The process itself can help the Toronto chapter better prepare for possible future local investments.
"I imagine we will spend considerable time documenting the learnings from this pilot as a chapter, and designing and implementing ways to transfer this knowledge with members of the Toronto+acumen and the wider social finance community in Toronto," Rumble writes.


By Krishna Rau
When Toronto+acumen went looking for a local project to invest in that would create a social good and a return on investment, they grew keen on Home Ownership Alternatives (HOA). The organization functions as an investor for home construction, and then as a mortgage provider for families who need financial aid to purchase one of those homes.
"We provide the equity investment for new home contractors," says HOA vice-president Joe Deschênes Smith. "We put up money to buy the land, the advertising and promotion, everything a normal at-risk developer needs. When the project is complete, we take a normal development profit."
When the houses go up for sale, HOA provides second mortgages for those who need the additional money for their purchase. HOA is also able to access federal, provincial and municipal loans to make that second mortgage bigger for those families who require more financial aid. While HOA housing developments are open to anybody, and encourage mixed-income residency, those larger second mortgages are open only to those families who fall below the median income for the municipality.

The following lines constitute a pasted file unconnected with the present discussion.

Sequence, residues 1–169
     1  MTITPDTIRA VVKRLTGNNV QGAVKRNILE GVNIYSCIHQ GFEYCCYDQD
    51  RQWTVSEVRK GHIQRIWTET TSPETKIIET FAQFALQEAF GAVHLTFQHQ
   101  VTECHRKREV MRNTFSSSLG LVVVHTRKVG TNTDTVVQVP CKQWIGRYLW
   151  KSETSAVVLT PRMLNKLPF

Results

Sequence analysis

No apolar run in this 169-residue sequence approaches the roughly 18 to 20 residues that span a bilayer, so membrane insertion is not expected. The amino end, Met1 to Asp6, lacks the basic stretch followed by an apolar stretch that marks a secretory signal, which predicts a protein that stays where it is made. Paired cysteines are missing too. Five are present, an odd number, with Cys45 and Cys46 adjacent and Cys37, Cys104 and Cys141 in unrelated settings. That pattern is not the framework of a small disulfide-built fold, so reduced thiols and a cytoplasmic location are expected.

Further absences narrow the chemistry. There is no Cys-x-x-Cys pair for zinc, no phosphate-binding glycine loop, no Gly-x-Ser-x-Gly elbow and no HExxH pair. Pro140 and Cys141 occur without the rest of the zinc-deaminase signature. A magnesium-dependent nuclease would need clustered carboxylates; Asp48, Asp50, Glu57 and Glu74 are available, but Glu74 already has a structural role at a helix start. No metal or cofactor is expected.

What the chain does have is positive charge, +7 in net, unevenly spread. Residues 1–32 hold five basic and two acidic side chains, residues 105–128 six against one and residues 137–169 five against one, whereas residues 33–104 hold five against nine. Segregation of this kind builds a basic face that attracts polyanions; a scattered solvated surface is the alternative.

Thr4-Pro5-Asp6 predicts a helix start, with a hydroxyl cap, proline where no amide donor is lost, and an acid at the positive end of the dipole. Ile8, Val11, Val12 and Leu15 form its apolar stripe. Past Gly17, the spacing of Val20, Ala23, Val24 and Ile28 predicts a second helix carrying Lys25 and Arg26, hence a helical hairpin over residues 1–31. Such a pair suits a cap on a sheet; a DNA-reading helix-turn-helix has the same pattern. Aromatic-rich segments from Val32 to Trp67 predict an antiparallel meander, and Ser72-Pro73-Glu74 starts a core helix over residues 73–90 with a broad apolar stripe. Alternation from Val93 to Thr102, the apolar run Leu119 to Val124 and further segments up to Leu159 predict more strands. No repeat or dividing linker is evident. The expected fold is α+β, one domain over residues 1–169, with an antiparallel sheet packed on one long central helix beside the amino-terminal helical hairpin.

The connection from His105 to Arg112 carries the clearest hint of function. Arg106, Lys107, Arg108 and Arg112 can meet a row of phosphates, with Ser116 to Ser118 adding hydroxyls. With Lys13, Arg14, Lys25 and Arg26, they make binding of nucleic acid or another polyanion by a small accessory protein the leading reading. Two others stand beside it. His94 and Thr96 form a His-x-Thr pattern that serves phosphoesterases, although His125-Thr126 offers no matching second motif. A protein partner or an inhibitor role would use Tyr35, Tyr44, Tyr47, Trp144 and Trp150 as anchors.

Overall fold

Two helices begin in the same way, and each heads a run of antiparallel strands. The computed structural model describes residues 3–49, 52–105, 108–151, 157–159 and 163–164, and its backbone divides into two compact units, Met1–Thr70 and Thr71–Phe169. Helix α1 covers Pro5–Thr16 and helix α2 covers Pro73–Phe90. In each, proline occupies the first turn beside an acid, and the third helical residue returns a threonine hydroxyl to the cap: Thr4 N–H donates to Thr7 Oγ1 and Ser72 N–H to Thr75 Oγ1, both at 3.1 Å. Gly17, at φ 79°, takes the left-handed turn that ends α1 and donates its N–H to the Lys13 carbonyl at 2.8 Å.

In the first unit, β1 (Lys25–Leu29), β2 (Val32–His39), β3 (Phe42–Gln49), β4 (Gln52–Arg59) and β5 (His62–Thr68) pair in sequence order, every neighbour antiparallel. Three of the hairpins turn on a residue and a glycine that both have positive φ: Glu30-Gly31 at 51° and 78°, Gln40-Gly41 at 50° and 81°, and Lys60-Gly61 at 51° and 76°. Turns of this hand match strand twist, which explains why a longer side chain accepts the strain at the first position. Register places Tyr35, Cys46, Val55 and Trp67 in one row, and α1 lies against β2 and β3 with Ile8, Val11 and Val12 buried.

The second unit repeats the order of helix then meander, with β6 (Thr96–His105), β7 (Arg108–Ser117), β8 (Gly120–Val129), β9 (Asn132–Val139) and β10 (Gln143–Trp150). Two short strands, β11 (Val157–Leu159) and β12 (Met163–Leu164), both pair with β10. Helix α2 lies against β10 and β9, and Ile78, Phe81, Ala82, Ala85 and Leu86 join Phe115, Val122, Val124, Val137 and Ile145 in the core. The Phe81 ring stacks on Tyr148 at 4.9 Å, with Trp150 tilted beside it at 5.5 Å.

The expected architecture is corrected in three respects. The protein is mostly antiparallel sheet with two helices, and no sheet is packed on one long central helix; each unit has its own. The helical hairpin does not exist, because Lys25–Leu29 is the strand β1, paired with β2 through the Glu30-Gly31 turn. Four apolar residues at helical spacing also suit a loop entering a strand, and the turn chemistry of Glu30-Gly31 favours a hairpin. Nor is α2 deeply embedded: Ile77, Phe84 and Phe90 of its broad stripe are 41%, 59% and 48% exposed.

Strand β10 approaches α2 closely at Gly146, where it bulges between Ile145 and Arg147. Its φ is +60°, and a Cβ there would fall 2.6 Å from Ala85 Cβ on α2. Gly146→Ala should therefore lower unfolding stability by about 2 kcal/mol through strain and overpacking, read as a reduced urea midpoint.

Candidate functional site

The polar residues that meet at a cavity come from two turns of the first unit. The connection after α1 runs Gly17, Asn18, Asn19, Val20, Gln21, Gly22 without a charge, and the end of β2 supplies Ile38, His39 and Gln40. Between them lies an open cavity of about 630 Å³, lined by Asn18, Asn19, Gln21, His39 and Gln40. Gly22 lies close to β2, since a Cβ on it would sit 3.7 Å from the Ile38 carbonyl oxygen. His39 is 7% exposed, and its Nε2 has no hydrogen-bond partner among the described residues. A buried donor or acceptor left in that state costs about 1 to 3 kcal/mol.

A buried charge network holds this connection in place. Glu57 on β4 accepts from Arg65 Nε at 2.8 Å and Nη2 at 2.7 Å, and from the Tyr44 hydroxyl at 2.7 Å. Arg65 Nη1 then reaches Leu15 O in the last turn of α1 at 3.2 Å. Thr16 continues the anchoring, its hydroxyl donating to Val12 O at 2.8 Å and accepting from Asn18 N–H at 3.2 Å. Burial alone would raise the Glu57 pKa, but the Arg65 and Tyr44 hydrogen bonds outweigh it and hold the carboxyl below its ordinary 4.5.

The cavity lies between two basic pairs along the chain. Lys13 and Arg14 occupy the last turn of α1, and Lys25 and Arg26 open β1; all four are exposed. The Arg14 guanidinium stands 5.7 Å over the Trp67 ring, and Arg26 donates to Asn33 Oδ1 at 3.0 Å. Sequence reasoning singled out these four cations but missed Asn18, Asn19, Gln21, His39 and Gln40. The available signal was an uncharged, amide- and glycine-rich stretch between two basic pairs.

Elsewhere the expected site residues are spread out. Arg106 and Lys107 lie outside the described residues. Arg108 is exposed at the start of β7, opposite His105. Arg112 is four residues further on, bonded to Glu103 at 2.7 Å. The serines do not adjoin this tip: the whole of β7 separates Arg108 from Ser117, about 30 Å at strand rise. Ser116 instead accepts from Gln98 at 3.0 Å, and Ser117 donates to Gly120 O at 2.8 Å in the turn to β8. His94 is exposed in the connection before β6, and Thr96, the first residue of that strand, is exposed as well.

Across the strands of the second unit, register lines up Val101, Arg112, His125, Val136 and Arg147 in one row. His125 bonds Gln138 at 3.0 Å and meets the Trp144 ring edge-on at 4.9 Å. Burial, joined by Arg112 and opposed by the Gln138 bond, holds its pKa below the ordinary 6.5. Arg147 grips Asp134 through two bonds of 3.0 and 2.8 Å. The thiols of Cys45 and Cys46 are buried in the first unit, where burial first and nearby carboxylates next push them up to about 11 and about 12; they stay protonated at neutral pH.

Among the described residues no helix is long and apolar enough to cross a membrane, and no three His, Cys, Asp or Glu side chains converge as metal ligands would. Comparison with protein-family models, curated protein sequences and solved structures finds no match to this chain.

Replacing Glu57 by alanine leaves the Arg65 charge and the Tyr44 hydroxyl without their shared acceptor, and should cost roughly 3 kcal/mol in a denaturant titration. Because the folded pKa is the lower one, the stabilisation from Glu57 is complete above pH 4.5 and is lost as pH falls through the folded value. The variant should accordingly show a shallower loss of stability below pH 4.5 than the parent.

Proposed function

"It's really for modest income families to bridge the gap to those who really want to own their own homes," says Deschênes Smith.
HOA makes its money, eventually, from repayments of the second mortgage, which comes due when the house is resold.
"We own a share of the house, we share in the appreciation. The owners pay us back the mortgage and their share of the appreciation in the house."
Deschênes Smith says HOA has helped build 2,300 units over the past 10 years, and are currently financing another 1,200 in 11 developments. They have projects in cities including Guelph, Kitchener, Pickering and Kingston. And in Toronto, there are developments built or being constructed in Scarborough, the Distillery District, Keele and Dundas, and Bathurst and Lawrence among others.
Krishna Rau is a freelance writer and editor based in Toronto, with a particular interest in social and political issues. His work has appeared in numerous publications including The Globe and Mail, Toronto Star, Report on Business, Now, TorontoStandard.com, This Magazine, Xtra and Canadian Forum. He also has a chapter in the recent anthology, White Riot: Punk Rock and the Politics of Race.

Images three through five are projects by Home Ownership Alternatives, courtesy of HOA.
Signup for Email Alerts
Signup for Email Alerts